UN food relief now reaching more than 400,000 flood victims in Myanmar

Chin State, remote and mountainous and one of the poorest regions in Myanmar, was among the hardest-hit by floods. Photo: UNICEF/Mohammad Badrul Hassan

Chin State, remote and mountainous and one of the poorest regions in Myanmar, was among the hardest-hit by floods. Photo: UNICEF/Mohammad Badrul Hassan

Myanmar, 26 August 2015 – The United Nations World Food Programme (WFP) is now delivering rice, beans, cooking oil and salt to more than 400,000 people affected by flooding in Myanmar and “reachable only on foot, after floods and landslides destroyed roads across the country,” the agency said today.

More than 1.7 million people in Myanmar have been affected by widespread flooding and landslides as a result of heavy monsoon rains since early August.

In a press release issued in Yangon, Myanmar, WFP said it is appealing for $12.3 million urgently required to meet flood needs.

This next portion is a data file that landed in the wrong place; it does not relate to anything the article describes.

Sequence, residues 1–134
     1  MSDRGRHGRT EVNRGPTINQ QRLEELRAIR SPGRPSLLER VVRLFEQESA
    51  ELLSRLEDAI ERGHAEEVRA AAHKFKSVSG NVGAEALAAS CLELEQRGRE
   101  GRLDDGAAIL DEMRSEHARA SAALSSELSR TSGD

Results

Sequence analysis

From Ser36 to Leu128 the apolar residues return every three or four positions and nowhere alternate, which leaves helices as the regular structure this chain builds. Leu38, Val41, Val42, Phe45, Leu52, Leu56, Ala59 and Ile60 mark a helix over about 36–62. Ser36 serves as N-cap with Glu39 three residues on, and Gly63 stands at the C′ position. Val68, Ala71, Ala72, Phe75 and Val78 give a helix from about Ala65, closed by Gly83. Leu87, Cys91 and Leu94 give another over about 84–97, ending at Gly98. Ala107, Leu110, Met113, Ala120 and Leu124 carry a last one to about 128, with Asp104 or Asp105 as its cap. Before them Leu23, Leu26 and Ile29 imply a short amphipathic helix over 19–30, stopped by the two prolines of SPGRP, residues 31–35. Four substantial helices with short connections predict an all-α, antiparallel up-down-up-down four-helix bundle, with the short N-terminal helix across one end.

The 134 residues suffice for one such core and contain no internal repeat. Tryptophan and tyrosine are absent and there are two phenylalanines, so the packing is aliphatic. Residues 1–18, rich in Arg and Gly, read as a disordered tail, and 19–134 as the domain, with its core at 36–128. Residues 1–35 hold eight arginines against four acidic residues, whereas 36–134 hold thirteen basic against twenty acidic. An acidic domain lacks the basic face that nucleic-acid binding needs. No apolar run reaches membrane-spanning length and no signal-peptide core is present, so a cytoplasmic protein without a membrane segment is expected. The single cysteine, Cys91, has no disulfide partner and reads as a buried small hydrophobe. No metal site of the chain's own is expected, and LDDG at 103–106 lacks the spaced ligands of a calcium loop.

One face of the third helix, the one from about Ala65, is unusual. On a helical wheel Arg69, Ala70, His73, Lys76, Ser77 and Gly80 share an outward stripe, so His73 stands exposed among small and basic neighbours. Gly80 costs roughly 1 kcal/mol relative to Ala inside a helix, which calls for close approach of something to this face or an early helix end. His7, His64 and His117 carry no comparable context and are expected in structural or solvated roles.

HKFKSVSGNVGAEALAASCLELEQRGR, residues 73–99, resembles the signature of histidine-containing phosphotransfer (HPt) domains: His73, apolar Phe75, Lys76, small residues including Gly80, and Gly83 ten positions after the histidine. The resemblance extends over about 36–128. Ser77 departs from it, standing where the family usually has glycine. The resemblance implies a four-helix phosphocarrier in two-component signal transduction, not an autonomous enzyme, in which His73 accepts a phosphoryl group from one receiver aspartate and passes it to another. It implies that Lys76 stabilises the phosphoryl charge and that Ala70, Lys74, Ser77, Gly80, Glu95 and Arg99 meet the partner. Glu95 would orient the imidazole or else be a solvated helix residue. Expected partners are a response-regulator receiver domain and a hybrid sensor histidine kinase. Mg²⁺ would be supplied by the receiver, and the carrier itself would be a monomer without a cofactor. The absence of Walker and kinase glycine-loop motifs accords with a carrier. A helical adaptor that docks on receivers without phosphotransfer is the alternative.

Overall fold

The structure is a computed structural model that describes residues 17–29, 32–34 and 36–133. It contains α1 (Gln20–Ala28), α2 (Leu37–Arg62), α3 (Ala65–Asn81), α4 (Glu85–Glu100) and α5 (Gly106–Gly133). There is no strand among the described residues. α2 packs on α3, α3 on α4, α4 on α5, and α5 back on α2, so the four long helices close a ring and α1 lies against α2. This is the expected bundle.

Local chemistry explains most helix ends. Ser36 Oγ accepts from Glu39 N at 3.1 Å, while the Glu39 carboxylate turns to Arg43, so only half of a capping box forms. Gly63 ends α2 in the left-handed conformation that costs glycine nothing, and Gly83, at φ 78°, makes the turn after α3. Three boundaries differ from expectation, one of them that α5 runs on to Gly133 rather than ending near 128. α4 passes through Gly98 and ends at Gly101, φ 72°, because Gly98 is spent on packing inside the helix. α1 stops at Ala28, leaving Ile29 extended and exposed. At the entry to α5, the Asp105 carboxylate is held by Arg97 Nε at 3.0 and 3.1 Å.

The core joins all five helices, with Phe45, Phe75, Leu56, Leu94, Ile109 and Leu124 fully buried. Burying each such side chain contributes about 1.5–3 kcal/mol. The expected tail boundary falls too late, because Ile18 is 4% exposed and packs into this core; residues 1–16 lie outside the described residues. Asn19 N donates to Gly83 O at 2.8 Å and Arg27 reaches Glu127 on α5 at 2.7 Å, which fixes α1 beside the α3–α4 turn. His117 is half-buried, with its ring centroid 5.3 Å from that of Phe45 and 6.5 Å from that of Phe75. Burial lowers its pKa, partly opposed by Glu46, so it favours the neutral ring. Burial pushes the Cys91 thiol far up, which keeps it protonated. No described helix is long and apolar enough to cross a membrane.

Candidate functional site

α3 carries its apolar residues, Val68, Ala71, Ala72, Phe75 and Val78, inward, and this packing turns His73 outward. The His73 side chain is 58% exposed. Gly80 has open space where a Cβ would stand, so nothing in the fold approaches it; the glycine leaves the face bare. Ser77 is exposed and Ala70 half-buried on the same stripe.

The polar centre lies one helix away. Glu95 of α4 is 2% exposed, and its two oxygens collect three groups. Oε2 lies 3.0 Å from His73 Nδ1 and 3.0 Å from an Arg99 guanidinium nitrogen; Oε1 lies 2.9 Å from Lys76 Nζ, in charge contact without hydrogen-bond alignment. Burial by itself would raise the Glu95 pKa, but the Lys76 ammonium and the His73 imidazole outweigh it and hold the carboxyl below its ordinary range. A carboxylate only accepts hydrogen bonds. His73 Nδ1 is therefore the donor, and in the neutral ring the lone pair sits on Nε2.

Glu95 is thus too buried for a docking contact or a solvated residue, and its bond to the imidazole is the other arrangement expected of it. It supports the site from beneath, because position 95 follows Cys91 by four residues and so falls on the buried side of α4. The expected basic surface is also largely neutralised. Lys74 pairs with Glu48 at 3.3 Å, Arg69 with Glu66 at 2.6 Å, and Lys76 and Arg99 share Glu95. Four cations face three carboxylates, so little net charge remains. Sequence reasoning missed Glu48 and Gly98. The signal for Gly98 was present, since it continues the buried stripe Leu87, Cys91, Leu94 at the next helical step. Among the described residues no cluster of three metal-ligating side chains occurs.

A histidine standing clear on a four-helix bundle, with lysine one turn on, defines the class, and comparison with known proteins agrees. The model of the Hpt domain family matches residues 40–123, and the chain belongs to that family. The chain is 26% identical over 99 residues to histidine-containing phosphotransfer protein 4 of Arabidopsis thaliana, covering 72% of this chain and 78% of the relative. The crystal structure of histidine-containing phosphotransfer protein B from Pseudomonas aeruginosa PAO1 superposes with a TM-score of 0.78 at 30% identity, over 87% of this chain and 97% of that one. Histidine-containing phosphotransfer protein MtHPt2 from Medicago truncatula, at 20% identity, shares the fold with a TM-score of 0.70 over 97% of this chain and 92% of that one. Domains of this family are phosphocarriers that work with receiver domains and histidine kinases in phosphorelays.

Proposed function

Emergency relief efforts began earlier this month within 48 hours of the President’s declaration of a state of natural disaster, WFP said, adding that with the provision of free transport by the Government and local airlines, more than 2,500 metric tons of food has been delivered to the flood-affected areas so far.

“WFP has supported the Government of Myanmar to save lives with emergency food, including supporting many who are reachable only on foot, after floods and landslides destroyed roads across the country,” according to WFP Country Director Dom Scalpelli. “It is quite an achievement, and I would like to thank our funding and cooperating partners for their support.”

WFP, working with the Government, other UN organizations and non-governmental organizations (NGOs), aims to have reached more than 440,000 people with food assistance by the beginning of September.

People affected by the flooding receive a one-month ration of rice, pulses, cooking oil, and salt. In some cases, they also receive a week’s supply of high-energy biscuits, the agency said.

The emergency has forced WFP to temporarily suspend regular programmes such as school feeding nutrition assistance for pregnant women and nursing mothers, and the provision of food for people living with HIV and tuberculosis.

The flood relief efforts have so far been supported through contributions from Australia, Canada, Czech Republic, Denmark, European Union, Germany, Japan, Myanmar, New Zealand, Norway, Switzerland, United Kingdom, United States as well as the Japan Association for WFP, the UN Central Emergency Response Fund and the private sector.